Oil held well above $67 a barrel on Wednesday, after an unexpected drop in US gasoline stocks added to worries that a gathering Caribbean storm could knock out crude supplies to the worlds biggest consumer. News that Irans parliament had thrown out the new presidents choice for oil minister added to the markets insecurity and raised a big query over oil policy in Opecs second biggest producer.
Oil surpassed its previous record high of $67.10 as US data showed gasoline inventories tumbled 3.2m barrels last week with two weeks of the peak-driving season to go. The market was also watching Tropical Storm Katrina gather strength over the Bahamas and take aim at Floridas southern tip and the oil-producing Gulf of Mexico, which accounts for up to a quarter of US oil output.
The peak period for hurricanes is usually from August to September so the oil market is concerned about the risk of weather-related production losses over the coming weeks. US crude traded at $67.15 a barrel at 1610 GMT. London Brent was up 51 cents at $65.16. US crude stocks rose 1.8m barrels last week, contrary to analyst forecasts for a fall. Heating oil supplies built as anticipated ahead of the winter.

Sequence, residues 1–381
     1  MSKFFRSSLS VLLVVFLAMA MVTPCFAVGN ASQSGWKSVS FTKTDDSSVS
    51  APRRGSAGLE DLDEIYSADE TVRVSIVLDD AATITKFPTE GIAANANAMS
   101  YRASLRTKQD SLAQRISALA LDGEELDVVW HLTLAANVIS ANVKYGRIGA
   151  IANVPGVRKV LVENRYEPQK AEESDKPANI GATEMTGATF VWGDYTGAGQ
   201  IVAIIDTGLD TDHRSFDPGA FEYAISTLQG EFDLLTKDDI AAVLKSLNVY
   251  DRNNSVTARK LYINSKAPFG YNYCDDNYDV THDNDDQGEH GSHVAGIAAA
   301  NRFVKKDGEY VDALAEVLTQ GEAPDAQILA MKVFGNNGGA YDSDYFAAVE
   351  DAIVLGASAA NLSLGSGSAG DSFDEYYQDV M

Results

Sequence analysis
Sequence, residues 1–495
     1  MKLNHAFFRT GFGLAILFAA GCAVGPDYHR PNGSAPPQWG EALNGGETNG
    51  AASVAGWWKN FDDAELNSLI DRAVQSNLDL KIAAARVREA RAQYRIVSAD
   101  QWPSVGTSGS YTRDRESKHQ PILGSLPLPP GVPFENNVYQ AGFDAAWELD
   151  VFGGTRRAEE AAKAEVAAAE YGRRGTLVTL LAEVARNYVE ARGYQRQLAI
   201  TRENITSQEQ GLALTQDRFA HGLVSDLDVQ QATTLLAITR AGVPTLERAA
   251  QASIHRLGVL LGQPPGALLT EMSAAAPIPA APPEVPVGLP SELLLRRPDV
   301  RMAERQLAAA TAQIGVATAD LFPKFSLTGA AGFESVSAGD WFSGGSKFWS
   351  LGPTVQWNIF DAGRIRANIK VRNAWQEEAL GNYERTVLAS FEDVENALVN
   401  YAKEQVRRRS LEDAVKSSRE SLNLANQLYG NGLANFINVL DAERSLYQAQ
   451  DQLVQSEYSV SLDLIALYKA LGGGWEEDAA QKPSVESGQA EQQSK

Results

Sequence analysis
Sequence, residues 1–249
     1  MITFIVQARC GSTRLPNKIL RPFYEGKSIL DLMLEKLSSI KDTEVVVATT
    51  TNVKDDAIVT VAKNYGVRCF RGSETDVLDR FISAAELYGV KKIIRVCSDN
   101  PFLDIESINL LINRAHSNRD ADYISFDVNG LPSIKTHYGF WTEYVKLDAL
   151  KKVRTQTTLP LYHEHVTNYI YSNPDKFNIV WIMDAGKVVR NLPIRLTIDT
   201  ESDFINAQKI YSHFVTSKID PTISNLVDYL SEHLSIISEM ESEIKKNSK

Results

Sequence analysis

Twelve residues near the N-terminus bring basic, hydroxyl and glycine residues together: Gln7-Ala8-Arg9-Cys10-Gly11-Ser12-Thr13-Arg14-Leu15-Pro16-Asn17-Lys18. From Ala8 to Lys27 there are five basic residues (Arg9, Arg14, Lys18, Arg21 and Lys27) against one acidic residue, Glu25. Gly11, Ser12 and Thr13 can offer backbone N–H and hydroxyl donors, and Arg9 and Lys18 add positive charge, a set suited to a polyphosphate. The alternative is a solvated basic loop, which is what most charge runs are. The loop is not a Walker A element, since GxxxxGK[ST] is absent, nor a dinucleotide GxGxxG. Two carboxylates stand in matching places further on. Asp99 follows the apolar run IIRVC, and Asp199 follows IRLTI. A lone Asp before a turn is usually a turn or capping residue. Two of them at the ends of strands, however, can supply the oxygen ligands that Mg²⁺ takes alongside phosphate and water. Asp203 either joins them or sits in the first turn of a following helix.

Assurances by top exporter Saudi Arabia that it would Dump as much oil as its customers need failed to take the sting out of a rally that has lifted oil toward the inflation-adjusted $82 a barrel of 1980, the year after the Iranian revolution. And there is no sign of a let-up next year. Analysts survey predicted for the first time on Wednesday that prices would breach $50 a barrel in 06.
The perceived vulnerability of supply lines is a major factor supporting prices.
Crude oil exports from Iraqs southern Basra terminal resumed late on Tuesday after a power cut earlier in the day. In Ecuador, which mostly supplies crude to California, output is still down to around 80% of its 530.000-bpd level after attacks on oil infrastructure last week.
Traders were also watching for any disruption in Nigeria, the worlds eighth-largest crude exporter, after the state-pricing agency instructed the national oil company to recover costs on sales, implying consumer prices are set to rise dramatically. Previous fuel hikes have led to general strikes. With some production in the UK North Sea and India already offline, dealers worry that Opec is pumping flat out and would strain to make up any unexpected outages.